This year’s Billboard Hot 100 Music Festival is stacked with fun.

Rapper Big Sean and EDM wiz Zedd will headline the festival Aug. 19 at Northwell Health at Jones Beach Theater, with Demi Lovato set to make a special appearance, while DJ-producers Major Lazer and Marshmello set to headline Aug. 20. And after setting Jones Beach Theater attendance records in 2015, when it became the first event to add a stage on the beach, this year, it will add a fourth stage, featuring New York-area acts on the plaza at the main entrance.

“The tone and tenor of this year’s festival is to be summer’s biggest party,” says John Amato, president of Billboard, the music magazine that produces the two-day event with Live Nation. “We picked acts that have a party vibe, who are fun and upbeat. . . . It will be like a radio show on steroids.”

Organizers say they want the Hot 100 fest to be different from most festivals currently on the scene. “I love Chance the Rapper and I love the Red Hot Chili Peppers, but you can see those acts at festivals at any number of cities, sometimes you could see them several times in the same market,” Amato says. “We want to give people acts right when they’re starting to take off. We are picking people who we are thinking will be the next big thing.”

Echosmith certainly fits all of the Hot 100 fest’s requirements.

Best known for their hit “Cool Kids,” the California rockers are set to release their sophomore album “Inside a Dream” (Warner Bros.) at the end of September, as their new single “Goodbye” starts climbing the pop charts on the strength of the enthusiasm of the band’s young fans, who have given the Sierota family nearly 150 million YouTube views already.

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Echosmith singer Sydney Sierota says she gets a lot of inspiration from playing shows with younger audiences. “It makes it a lot of fun,” she says. “It’s like hanging out with our friends every day. We’re going through all the same things.”

As much as Echosmith is excited about its new songs, Sierota says not to expect too much unreleased material in their Sunday set beyond “Goodbye” and maybe one other new song.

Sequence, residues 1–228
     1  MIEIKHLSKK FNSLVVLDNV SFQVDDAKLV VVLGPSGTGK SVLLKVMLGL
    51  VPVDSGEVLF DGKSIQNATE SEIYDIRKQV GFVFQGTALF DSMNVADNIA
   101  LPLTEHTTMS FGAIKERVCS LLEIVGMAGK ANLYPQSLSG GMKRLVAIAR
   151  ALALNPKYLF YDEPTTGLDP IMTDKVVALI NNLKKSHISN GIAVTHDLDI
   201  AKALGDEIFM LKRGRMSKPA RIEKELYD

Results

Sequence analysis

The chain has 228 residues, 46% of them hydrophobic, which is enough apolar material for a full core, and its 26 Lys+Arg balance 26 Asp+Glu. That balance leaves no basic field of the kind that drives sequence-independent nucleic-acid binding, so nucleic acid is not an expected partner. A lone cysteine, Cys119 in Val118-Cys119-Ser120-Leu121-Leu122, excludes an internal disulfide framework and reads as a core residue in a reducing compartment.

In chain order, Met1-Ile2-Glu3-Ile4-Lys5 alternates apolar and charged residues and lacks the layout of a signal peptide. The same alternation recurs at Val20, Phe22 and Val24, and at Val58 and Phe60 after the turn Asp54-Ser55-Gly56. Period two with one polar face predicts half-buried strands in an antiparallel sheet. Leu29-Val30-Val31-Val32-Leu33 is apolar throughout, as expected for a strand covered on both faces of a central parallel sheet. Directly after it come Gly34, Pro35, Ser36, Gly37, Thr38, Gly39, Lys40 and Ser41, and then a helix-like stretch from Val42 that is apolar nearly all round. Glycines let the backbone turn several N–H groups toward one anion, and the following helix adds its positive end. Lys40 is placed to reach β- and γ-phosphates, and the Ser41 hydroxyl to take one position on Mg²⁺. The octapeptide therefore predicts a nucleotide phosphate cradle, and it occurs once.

“We want to play it and the fans are ready to hear it,” she says. “But timing is important, too. I don’t think it would be too cool to play all these songs they’ve never heard before.”

After all, this will be many fans’ first chance to see Echosmith since Sierota’s brother Jamie, the band’s guitarist, left the band to spend more time with his family. “Inside a Dream” shows the band’s new sound, which focuses more on Sierota’s solo vocals rather than the familial three-part harmonies. “At first, it was very difficult,” she says. “But we just started writing to see what happens and it came out naturally. . . . It was cool because we had so much freedom to explore who we were. It was so much fun to try things.”

Billboard’s Amato says the festival will continue to try new things, like this year’s local stage. It may also expand next year to Los Angeles as well as another city outside of the country that is close enough to Long Island that would allow several headliners to play both festivals in the same weekend.

“We couldn’t be happier with our Long Island roots,” says Amato, who has moved to Melville since launching the festival in 2015. “We finally brought the kind of festival Long Island deserves to Long Island. We’re very happy with the way everything has turned out.”